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Intern Med. 1998 Oct;37(10):836-40.

Glomerulonephritis in autopsy cases with hepatitis C virus infection.

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Department of Gastroenterology, Toranomon Hospital, Tokyo.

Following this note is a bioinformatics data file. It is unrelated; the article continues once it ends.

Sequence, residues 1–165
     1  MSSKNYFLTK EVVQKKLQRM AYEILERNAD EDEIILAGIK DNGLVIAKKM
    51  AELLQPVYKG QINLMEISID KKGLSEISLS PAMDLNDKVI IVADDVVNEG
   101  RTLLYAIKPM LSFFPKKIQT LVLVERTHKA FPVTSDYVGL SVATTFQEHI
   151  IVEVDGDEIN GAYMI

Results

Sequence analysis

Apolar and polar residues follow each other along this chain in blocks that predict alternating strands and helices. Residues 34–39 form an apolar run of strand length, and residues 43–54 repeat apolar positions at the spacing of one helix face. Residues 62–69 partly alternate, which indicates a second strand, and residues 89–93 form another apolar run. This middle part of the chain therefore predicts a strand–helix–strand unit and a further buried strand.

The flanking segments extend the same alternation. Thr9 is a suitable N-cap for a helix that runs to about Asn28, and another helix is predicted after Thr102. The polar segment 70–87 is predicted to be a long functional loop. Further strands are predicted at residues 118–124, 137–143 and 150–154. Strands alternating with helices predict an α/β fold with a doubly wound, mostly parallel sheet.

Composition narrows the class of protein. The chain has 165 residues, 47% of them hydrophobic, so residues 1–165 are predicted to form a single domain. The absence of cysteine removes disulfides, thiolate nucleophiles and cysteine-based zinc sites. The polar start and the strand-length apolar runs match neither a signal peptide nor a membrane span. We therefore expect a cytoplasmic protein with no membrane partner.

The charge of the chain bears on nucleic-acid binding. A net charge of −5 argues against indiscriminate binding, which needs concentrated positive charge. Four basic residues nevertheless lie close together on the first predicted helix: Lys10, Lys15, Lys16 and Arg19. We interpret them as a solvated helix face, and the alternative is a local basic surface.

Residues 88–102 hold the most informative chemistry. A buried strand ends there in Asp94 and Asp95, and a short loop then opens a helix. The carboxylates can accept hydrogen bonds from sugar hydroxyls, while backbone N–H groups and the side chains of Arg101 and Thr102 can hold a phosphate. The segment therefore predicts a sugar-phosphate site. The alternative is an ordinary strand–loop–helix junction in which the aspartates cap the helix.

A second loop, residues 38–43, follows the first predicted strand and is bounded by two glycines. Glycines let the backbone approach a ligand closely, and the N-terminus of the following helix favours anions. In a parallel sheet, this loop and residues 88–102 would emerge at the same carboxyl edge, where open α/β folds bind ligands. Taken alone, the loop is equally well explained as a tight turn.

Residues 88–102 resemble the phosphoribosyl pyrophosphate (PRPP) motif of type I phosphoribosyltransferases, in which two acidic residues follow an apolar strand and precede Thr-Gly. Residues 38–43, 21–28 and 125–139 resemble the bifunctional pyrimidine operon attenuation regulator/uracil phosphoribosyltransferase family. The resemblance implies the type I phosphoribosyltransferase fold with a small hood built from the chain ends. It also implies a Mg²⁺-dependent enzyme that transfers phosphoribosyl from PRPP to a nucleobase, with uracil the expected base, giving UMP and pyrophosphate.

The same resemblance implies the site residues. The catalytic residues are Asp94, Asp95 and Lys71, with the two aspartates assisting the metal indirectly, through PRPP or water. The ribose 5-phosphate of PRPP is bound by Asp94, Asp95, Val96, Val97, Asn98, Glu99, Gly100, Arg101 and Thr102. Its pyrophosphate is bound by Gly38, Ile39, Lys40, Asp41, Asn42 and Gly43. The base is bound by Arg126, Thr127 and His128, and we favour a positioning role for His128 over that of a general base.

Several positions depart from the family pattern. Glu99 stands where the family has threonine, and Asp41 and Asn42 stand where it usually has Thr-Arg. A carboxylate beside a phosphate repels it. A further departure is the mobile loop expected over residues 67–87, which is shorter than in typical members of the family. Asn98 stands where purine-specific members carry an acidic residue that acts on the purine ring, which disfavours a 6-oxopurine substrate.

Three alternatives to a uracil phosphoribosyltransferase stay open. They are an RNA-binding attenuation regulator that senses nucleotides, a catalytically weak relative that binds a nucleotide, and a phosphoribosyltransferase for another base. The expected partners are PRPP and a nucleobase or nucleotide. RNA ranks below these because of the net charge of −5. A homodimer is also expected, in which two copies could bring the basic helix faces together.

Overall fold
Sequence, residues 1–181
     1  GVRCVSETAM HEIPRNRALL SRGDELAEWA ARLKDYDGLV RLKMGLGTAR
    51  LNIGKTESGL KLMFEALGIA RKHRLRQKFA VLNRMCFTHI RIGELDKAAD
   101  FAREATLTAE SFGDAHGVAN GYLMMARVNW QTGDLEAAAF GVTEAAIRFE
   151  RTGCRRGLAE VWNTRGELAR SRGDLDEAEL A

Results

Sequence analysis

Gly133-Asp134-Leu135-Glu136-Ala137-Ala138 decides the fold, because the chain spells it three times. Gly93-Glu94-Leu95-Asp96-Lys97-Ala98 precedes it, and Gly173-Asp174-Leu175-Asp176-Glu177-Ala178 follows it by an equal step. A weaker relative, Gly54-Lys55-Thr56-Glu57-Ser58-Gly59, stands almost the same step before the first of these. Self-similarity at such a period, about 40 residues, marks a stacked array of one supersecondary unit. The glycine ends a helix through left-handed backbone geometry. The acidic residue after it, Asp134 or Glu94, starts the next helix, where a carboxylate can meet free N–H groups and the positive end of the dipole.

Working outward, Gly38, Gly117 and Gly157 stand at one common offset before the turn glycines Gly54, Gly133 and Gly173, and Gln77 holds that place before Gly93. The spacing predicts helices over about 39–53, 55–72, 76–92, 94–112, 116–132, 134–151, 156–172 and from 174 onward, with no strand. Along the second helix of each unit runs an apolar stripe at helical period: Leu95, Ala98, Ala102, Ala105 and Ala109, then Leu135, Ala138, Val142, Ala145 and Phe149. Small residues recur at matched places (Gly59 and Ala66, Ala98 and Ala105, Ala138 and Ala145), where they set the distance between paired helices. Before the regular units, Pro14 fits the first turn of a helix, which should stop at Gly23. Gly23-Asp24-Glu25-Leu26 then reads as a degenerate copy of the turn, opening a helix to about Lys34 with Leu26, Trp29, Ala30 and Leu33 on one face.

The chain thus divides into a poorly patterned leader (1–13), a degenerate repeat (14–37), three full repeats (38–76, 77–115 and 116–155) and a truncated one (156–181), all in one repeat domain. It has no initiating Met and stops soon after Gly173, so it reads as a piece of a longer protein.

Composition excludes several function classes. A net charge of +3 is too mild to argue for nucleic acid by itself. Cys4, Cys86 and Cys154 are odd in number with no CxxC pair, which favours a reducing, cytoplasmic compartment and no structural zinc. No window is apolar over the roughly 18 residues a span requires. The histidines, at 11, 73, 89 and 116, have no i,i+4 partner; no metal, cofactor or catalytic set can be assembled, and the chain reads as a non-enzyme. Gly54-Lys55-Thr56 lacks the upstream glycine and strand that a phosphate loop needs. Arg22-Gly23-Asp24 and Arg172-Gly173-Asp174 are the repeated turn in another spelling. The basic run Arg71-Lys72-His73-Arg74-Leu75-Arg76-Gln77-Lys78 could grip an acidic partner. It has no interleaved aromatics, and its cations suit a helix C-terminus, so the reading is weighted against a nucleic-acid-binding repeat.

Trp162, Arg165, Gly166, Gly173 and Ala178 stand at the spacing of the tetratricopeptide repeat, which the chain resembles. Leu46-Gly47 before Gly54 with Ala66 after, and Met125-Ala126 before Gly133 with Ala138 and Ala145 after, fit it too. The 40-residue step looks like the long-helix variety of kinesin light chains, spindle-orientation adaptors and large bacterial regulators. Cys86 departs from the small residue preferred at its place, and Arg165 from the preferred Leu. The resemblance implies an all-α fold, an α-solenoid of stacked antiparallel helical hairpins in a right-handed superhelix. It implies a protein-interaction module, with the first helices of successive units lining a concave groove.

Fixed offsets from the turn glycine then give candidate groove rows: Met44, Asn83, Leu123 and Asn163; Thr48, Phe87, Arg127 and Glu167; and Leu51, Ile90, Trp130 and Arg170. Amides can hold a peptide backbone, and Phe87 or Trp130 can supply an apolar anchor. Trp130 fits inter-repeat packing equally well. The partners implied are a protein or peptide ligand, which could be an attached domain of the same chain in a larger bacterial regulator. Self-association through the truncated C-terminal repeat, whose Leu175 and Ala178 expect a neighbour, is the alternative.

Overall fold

The glomerular changes of 188 consecutive autopsy cases with hepatitis C virus (HCV) infection were studied. The glomerular changes were classified as follows: Category I: membranoproliferative glomerulonephritis (MPGN; 21 cases, 11.2%), 2) Category II: membranous nephropathy (MN; 5 cases, 2.7%), 3) Category III: mesangial proliferative glomerulonephritis (MesGN; 33 cases, 17.6%), 4) Category IV: mesangial thickening type without proliferative mesangial cell (MT; 44 cases, 23.4%), and 5) Category V: almost normal glomeruli (85 cases, 45.2%). Glomerulonephritis was defined as glomeruli with an increase in mesangial matrix or a thickening of the capillary walls in the glomeruli; categories I-IV corresponded to glomerulonephritis in this study. Multivariate analysis, using a multiple logistic model, indicated that glomerulonephritis with HCV infection was the most strongly correlated to the existence of esophagogastric varices. Abnormal urinalysis, that is transient or continuous microhematuria or proteinuria, was observed in only 23 (12.2%) cases. These results showed that in HCV-RNA positive patients with esophagogastric varices the possibility of glomerulonephritis should be considered.

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